Pirate radio station returns to the air

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The Independent Online

The original pirate radio station from the days when they really did ride the high seas, Radio Caroline, is returning to the air for one day only today.

The original pirate radio station from the days when they really did ride the high seas, Radio Caroline, is returning to the air for one day only today.

The legendary station, which first brought names like Tony Blackburn, Tommy Vance and Dave Lee Travis to the nation's ears, will legally broadcast for 14 hours from a powerful transmitter as a launchpad for its rebirth as an internet broadcaster.

The event also marks the 11th anniversary of the day when British officials boarded the ship, now moored in the Medway Estuary in Kent, to stop it broadcasting without a licence.

The floating station, which started in 1964, has embraced technology with broadcasts via satellite and, now, the internet.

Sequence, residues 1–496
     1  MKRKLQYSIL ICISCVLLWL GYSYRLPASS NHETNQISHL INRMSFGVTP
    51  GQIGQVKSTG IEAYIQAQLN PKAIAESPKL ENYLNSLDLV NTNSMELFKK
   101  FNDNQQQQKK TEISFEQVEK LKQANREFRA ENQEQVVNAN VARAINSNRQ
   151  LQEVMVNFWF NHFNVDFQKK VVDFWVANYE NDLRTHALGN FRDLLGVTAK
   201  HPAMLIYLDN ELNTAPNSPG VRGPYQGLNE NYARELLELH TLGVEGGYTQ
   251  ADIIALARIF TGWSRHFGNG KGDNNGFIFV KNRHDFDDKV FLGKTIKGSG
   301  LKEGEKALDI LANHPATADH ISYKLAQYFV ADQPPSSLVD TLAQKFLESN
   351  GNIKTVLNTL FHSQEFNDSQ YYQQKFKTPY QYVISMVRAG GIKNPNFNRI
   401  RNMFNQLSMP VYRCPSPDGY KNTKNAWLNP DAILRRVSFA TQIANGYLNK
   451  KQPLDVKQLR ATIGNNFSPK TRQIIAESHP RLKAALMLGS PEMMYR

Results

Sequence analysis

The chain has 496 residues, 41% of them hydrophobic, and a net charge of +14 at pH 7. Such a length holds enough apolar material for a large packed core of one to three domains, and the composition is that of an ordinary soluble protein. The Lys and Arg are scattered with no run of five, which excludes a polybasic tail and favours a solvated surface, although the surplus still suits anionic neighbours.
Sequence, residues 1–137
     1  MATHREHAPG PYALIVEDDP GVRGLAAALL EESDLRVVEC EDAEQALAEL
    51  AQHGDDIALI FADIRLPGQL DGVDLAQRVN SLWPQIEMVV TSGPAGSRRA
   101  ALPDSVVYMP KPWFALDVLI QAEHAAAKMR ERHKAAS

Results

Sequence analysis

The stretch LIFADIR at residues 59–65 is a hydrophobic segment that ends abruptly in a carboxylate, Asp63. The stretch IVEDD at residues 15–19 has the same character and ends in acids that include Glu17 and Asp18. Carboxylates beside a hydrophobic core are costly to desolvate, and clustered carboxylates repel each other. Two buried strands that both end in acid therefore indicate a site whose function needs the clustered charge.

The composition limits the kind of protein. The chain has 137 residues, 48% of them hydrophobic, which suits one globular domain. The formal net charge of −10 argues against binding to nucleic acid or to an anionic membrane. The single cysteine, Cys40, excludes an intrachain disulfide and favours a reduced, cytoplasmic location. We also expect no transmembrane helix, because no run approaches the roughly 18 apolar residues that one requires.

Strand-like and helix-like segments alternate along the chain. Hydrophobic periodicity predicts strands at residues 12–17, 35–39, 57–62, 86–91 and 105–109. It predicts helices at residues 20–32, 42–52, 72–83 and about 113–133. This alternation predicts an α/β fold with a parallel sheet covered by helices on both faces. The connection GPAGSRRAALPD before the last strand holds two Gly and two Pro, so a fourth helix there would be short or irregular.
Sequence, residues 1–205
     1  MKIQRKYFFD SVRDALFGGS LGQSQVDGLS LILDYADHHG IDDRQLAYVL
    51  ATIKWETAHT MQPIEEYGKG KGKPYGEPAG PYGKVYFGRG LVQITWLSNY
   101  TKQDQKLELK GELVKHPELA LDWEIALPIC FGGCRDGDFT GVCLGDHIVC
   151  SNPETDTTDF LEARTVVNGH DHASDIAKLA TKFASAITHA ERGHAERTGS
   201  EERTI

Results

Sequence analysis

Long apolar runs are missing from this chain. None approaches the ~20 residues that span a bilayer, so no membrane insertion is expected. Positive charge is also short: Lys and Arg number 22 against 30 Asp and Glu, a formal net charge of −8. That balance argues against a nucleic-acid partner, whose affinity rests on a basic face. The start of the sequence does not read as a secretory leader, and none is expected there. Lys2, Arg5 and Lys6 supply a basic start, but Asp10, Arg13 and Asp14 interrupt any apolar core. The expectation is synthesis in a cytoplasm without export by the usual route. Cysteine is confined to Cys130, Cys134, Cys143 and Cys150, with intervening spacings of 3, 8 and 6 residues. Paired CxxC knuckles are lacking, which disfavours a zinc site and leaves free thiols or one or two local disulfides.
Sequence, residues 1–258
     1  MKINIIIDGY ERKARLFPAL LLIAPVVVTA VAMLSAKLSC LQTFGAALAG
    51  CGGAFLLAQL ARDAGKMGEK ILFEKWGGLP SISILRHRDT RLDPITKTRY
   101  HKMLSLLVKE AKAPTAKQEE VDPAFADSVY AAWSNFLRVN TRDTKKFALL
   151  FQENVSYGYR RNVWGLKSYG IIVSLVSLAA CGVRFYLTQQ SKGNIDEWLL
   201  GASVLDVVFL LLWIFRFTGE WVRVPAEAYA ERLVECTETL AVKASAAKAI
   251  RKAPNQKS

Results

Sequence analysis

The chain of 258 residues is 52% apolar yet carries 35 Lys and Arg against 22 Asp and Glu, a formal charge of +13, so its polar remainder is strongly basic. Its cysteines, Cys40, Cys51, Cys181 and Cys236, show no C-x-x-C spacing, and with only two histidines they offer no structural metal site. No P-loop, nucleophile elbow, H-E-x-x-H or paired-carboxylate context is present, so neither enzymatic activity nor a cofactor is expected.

When it opened, it quickly became one of the best known of the stations broadcasting pop music, at a stage when the BBC still commanded the airwaves.

But in 1967, when BBC Radio 1 was launched, Caroline and a number of other "pirates" were outlawed.

Many simply moved to international waters to beam their signals ashore. To cope with the swell of the North Sea, the record decks were mounted on gimbals which stayed level in all but the most violent storms. The DJs got no such benefit.

Peter Moore, the station manager, said: "Everything has changed in radio regulation and we're looking to the future with the internet. We'll be showing what people do by broadcasting on 1296 AM from 5am to 7pm."

The station can already be heard on the Astra 1C satellite, channel 35, and on the internet at www.radio-caroline.nl.

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